Running a business can be a tricky endeavor for anyone. After all, it’s not easy to make the right decisions for business growth and effective competition without ever missing the mark. Not surprisingly, the complexity of some decisions can lead to occasional mistakes, but most missteps can be overcome with minimal damage.
Unfortunately, some mistakes are in a whole different class and result in devastating financial consequences along with a lot of public embarrassment. Let’s take a look at some of the most expensive business blunders in history.
NASA's Martian Miscalculation
NASA is synonymous with space and literal rocket scientists, but an elementary-level mistake in 1999 caused some to wonder about the validity of those impressive degrees. Lockheed Martin designed a Mars orbiter that ended up lost in space. Why? The design used English measurements, and NASA normally used the metric system.
The Tech Company Who Refused to Upgrade
When you consider the many decades that Radio Shack stayed in business, you know they had to undergo many changes and learn to roll with the punches. The company wouldn’t have survived as long as it did without adapting, so it was a mystery when the executives running the show refused to enter the world of online sales.
EA Sports and Illegal Weaponry
EA Sports is well known for numerous American video games. With the introduction of its video game Godfather II, however, it became known for something else. As part of its promotion, the company gave away brass knuckles. "Knuckle dusters" are actually relevant to the game, but there was a big problem with the promo: Brass knuckles happen to be illegal in most of the U.S.
Fraudulent Bank Account, Anyone?
A few years ago, some Wells Fargo employees noticed something suspicious about some customer accounts. The problem? Some dishonest employees had opened accounts in customers’ names without their knowledge. When the honest employees alerted upper management, nothing was done to investigate or rectify the situation.
No “Excite-ment” for Google
In the 1990s, Google was nowhere near the giant it is today, but its popularity was on the rise. Founders Larry Page and Sergey Brin approached the more popular Excite with an offer to sell for $1 million. The CEO of Excite turned down the offer, prompting Page and Brin to lower the price to only $750,000. Unbelievable, right?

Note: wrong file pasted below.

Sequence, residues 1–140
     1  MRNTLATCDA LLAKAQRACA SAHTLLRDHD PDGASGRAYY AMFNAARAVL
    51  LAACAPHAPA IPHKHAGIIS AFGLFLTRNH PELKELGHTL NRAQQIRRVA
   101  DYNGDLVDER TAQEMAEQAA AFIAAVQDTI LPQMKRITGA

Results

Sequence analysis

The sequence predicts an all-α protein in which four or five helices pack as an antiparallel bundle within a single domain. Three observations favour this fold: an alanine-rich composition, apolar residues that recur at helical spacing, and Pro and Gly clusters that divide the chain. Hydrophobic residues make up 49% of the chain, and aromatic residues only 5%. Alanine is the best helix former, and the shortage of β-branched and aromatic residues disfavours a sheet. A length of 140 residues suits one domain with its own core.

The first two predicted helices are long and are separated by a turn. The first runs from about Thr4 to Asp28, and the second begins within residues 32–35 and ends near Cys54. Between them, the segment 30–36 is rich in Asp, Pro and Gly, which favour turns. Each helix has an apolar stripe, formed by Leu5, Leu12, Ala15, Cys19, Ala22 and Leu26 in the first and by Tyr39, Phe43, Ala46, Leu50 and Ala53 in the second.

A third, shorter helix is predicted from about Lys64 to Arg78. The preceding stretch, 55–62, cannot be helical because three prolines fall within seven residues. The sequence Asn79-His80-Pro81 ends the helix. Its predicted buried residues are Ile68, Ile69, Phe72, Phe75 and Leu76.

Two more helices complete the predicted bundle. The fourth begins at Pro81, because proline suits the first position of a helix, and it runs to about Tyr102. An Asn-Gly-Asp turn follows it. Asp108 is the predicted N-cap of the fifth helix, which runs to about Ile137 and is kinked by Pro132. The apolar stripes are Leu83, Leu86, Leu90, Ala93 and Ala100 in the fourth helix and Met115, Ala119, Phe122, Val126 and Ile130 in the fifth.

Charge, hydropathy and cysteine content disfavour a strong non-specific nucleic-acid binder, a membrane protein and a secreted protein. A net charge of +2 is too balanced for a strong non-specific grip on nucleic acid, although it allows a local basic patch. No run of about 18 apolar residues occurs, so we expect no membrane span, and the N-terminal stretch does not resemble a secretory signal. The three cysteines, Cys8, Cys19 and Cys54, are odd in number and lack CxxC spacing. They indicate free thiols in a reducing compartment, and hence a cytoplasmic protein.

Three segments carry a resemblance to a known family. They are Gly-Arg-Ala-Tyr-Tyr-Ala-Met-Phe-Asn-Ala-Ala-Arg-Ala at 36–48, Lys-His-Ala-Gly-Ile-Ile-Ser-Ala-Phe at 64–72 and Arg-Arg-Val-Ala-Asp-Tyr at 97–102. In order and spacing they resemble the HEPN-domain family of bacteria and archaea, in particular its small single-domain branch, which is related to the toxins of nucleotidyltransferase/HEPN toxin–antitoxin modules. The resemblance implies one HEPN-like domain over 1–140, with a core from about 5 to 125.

Ignoring a Game-Changing Invention
Would it surprise you to learn that digital cameras were actually patented in 1977? That’s right — Kodak invented the first digital camera and filed a patent on it. While the early prototype wouldn’t compare to today's technology, it was definitely a concept ahead of its time. So, what happened to it?
Tearing Up the Future
You probably know some people who are "stuck in their ways." Henry Ford embodied that behavior. After his beautiful Model T was introduced to the public and became popular, he wanted to leave well enough alone, even when others encouraged him to redesign it and make improvements.
Passing on the Best-Selling Band of All Time
It’s hard to imagine someone turning down the Beatles for a record deal, but that’s exactly what Decca Records did. The group performed in front of Decca's A&R executive, Mike Smith, on New Year's Day. Although nerves might have made the performance a little less than awe-inspiring, that had nothing to do with the rejection.
Are You Ready for Some Football?
What would Americans' lives be like without Monday Night Football? It may seem unimaginable, but football-free Mondays were almost a reality. In the 1960s, the NFL approached both CBS and NBC about broadcasting Monday night football games. Both networks refused, clearly not seeing any reason to change their Monday night lineups.